The camera pans around to reveal a family portrait drawn by Reagan. The father figure in the picture is menacing and drawn starkly in red, towering above two smaller feminine figures with unhappy faces.

The scene cuts to Jess and a woman walking down a hallway and into an office.

LAWYER: I can see from the notes that you have a little girl called Reagan who’s four. And that you’re concerned about something that happened at home a few nights ago?

JESS: Yeah, Ben got really angry. He was yelling and he threw a chair. It didn’t hit me but I was really scared. Reagan was there but I’m not sure how much she saw.

LAWYER: Where are you and Reagan staying at the moment? Are you safe?

JESS: We’re staying at my friend’s place—Michelle. We’ve stayed there a few times before. She’s been great.

LAWYER: That’s excellent. Anytime you feel afraid, you should do what you need to make sure that you and Reagan are safe. Sometimes leaving for a while is the best option. Getting back to the other night, is this the first time something like this has happened?

JESS: Ben’s not one of those guys, he’s never hit me or anything like that. It’s just that when he gets under a lot of pressure and I don’t get everything quite right, he loses his temper.

LAWYER: Family and domestic violence is not just hitting, pushing and shoving. It’s about one person exercising power and control over another. It includes physical abuse, sexual abuse, emotional and verbal abuse, putting you down, calling you names, intimidating you, threatening you, checking up on you all the time, making it difficult for you to see your family and friends. Yes? It also includes things like controlling money and finances. Some forms of family and domestic violence are crimes.

JESS: It’s not like that with us. Most of the time things are great. It’s just that every now and again things build up and he loses it. But afterwards he’s always sorry and then things are really good for a while.

LAWYER: If you’re constantly tiptoeing around Ben it’s going to take its toll on you and it will affect Reagan too.

JESS: He’s never done anything towards Reagan.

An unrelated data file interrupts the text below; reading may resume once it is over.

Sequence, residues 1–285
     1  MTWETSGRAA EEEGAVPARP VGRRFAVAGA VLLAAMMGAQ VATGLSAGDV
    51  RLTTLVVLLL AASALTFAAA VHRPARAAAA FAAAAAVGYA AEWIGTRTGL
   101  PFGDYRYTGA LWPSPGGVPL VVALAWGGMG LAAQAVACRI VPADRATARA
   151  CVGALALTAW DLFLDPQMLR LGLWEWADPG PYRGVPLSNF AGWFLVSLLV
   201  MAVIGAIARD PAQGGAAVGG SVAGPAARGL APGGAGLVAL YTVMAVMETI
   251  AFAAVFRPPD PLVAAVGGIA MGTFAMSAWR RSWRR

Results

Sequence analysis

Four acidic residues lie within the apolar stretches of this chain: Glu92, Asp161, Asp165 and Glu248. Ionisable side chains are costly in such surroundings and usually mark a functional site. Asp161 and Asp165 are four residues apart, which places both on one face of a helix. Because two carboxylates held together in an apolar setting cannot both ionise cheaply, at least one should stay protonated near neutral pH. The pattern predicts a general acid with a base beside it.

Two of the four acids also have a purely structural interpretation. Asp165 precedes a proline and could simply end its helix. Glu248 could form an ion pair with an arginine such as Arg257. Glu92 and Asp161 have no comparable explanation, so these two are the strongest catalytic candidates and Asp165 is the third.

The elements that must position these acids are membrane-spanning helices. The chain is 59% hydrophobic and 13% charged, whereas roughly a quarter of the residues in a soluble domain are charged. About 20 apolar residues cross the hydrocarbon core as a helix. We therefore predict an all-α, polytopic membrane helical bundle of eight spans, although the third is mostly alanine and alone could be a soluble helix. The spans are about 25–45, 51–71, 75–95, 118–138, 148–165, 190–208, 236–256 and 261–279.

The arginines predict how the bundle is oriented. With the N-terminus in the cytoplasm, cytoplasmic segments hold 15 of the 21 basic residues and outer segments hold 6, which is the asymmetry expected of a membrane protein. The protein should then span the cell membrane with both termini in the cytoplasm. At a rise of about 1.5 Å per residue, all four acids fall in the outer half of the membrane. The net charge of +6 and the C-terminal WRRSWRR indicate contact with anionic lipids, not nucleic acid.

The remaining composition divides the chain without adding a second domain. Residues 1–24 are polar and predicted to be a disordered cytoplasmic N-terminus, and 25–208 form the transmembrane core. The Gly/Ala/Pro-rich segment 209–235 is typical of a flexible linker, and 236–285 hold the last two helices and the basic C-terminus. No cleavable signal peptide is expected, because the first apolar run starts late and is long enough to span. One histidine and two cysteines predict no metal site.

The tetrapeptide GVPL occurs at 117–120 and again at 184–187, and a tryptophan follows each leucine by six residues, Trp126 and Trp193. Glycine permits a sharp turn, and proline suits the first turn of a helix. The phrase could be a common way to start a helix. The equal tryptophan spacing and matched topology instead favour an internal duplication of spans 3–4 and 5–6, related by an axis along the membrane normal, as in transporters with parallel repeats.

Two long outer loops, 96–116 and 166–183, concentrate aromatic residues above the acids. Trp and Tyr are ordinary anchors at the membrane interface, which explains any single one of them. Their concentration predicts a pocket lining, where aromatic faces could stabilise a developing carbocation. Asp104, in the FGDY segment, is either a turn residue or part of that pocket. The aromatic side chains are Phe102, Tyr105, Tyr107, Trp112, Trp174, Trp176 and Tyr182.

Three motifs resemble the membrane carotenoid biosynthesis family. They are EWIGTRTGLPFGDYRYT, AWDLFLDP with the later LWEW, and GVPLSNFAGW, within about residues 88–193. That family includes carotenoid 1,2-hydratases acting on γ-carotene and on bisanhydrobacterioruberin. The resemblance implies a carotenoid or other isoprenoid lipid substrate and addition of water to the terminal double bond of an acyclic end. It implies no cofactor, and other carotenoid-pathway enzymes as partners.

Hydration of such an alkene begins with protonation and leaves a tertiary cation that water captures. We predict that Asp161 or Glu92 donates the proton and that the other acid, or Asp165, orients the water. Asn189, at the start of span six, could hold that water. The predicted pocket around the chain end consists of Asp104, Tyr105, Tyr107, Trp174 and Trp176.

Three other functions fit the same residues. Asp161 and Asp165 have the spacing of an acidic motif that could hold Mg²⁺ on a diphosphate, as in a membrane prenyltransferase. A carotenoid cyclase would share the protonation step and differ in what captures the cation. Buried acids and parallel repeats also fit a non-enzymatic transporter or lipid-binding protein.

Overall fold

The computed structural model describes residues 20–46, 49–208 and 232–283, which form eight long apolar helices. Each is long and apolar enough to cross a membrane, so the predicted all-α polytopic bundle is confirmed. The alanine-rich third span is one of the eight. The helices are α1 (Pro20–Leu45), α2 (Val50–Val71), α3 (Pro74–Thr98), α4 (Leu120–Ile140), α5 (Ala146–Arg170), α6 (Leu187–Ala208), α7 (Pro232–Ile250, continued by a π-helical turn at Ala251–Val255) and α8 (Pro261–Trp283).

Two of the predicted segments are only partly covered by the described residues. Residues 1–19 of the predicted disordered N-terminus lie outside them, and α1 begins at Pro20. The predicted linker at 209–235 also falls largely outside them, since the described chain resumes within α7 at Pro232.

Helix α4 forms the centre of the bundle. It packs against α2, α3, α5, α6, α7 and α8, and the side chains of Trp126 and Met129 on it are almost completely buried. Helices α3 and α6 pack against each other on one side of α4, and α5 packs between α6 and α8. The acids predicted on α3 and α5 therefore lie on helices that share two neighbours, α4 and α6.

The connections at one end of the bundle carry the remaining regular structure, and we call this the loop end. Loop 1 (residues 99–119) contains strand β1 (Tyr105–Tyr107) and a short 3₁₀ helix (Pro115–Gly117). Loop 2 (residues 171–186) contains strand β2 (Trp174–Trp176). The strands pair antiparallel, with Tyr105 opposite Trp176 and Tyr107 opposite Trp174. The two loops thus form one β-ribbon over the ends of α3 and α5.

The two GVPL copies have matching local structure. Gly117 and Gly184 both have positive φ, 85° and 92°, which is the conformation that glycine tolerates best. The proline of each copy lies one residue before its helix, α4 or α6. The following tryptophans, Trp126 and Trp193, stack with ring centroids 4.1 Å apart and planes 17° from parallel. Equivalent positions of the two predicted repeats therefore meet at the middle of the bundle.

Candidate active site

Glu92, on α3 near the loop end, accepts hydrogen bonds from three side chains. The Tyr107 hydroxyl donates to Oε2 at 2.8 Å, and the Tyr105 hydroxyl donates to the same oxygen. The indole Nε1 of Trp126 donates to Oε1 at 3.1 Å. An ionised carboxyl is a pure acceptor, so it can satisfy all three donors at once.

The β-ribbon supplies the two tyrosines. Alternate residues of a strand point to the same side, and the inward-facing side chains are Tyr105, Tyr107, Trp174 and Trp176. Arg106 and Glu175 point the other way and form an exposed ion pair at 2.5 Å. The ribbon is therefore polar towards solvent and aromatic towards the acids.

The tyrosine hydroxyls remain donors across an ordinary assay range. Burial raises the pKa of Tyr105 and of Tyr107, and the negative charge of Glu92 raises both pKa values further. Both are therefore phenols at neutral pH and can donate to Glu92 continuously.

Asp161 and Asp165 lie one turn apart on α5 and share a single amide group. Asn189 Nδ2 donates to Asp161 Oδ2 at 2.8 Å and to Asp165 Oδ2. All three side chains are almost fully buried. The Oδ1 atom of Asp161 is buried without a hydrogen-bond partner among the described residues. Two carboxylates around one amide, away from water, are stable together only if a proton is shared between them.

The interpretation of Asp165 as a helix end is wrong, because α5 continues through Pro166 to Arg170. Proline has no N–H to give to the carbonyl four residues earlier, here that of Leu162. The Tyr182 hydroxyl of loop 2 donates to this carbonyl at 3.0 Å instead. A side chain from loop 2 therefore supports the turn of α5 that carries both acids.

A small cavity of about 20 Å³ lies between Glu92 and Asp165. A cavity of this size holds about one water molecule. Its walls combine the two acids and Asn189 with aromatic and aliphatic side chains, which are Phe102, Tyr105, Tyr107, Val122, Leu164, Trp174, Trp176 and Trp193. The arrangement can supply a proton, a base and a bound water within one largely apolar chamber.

LAWYER: Ben might not have directed his anger at Reagan but there’s a lot of research to show the serious impact of family and domestic violence on children. It can lead to depression, anxiety, problems at school, eating disorders and even physical symptoms like stomach–aches.

Vision shows Michelle sitting on in front of a couch and reading a book to Reagan.

MICHELLE: And, over here? Oh, there he is. [MAKES TRAIN NOISE]


MICHELLE: Good! What does he do?



The camera cuts back to the office in which Jess and the lawyer sit.

LAWYER: Jess, I’m going to need to get some more detailed information from you before we can talk about your options. I want to explore the practical things that we can do to make sure that you’re safe now and in the future, discuss your living arrangements and your financial situation, and talk about whether applying for a court order for your protection is a realistic option. Then we can move on to an overview of family law and how it might apply in your situation. And, of course, we do need to discuss the issues that affect Reagan, such as what time she might spend with her dad and what that might look like.

The scene changes to Michelle’s house where she is making a cup of tea. The telephone rings and Michelle answers it.


BEN: Michelle, hi it’s Ben. How are you?

MICHELLE: I’m alright, Ben.

Jess walks into shot from a hallway.

BEN: Is Jess there? Can I speak with her please?

MICHELLE: Do you want to speak to him?

Jess nods and walks over to pick up the phone.

JESS: Hi, Ben.

Ben is sitting in a chair at a desk.

BEN: Jess. I want to talk to you about this. When are you coming home?

JESS: I’m gonna stay here for a while.

BEN: What? You bloody are not. I want you home by the time I get back from work.

JESS: I’m hanging up.

BEN: Don’t you dare.

Ben stands up angrily from his desk.

JESS: Ben, the lawyer said I don’t have to speak to you. I can get an order for you to stop calling me all the time.

BEN: Who the hell do you think are, Jess?! You spoilt little piece of shit…

Jess hangs up the phone and gives Michelle a disappointed look. Michelle looks worriedly from the phone to Jess.

JESS: I’ve had enough.

The scene dissolves to white with a transitional whooshing effect.

TEXT: Three months earlier.


Jess stands at the kitchen sink doing dishes as Reagan sits at a table with colouring books.

Ben walks into shot and embraces Jess from behind.

BEN: Look, I’m really sorry, Baby. Alright? [EXHALES]

Do you want a cup of tea? Yeah?

JESS: Yeah.

BEN: Why don’t you go play with Reagan. I’ll do this. Go on.

Jess begins to walk towards Reagan and then stops and turns to face Ben.